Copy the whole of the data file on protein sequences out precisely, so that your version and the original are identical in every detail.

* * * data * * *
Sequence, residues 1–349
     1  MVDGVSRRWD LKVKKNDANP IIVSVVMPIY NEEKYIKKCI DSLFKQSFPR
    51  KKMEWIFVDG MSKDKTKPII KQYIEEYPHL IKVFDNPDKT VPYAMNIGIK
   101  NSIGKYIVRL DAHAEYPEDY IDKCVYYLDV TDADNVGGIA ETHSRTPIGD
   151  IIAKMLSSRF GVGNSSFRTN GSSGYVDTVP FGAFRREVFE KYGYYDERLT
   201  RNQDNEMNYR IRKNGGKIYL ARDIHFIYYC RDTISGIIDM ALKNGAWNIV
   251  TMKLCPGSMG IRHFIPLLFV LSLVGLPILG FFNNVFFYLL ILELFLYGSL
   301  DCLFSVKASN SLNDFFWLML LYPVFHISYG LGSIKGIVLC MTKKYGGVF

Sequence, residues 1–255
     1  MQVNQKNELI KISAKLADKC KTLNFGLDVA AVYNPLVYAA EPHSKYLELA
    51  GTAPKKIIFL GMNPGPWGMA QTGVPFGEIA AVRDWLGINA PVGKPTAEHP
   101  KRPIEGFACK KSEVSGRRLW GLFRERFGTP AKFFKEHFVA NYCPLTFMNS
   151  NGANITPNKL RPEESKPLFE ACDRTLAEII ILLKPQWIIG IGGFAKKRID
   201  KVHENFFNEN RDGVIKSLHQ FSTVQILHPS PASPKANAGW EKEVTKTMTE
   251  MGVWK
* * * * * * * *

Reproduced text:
Sequence, residues 1–349
     1  MVDGVSRRWD LKVKKNDANP IIVSVVMPIY NEEKYIKKCI DSLFKQSFPR
    51  KKMEWIFVDG MSKDKTKPII KQYIEEYPHL IKVFDNPDKT VPYAMNIGIK
   101  NSIGKYIVRL DAHAEYPEDY IDKCVYYLDV TDADNVGGIA ETHSRTPIGD
   151  IIAKMLSSRF GVGNSSFRTN GSSGYVDTVP FGAFRREVFE KYGYYDERLT
   201  RNQDNEMNYR IRKNGGKIYL ARDIHFIYYC RDTISGIIDM ALKNGAWNIV
   251  TMKLCPGSMG IRHFIPLLFV LSLVGLPILG FFNNVFFYLL ILELFLYGSL
   301  DCLFSVKASN SLNDFFWLML LYPVFHISYG LGSIKGIVLC MTKKYGGVF

Sequence, residues 1–255
     1  MQVNQKNELI KISAKLADKC KTLNFGLDVA AVYNPLVYAA EPHSKYLELA
    51  GTAPKKIIFL GMNPGPWGMA QTGVPFGEIA AVRDWLGINA PVGKPTAEHP
   101  KRPIEGFACK KSEVSGRRLW GLFRERFGTP AKFFKEHFVA NYCPLTFMNS
   151  NGANITPNKL RPEESKPLFE ACDRTLAEII ILLKPQWIIG IGGFAKKRID
   201  KVHENFFNEN RDGVIKSLHQ FSTVQILHPS PASPKANAGW EKEVTKTMTE
   251  MGVWK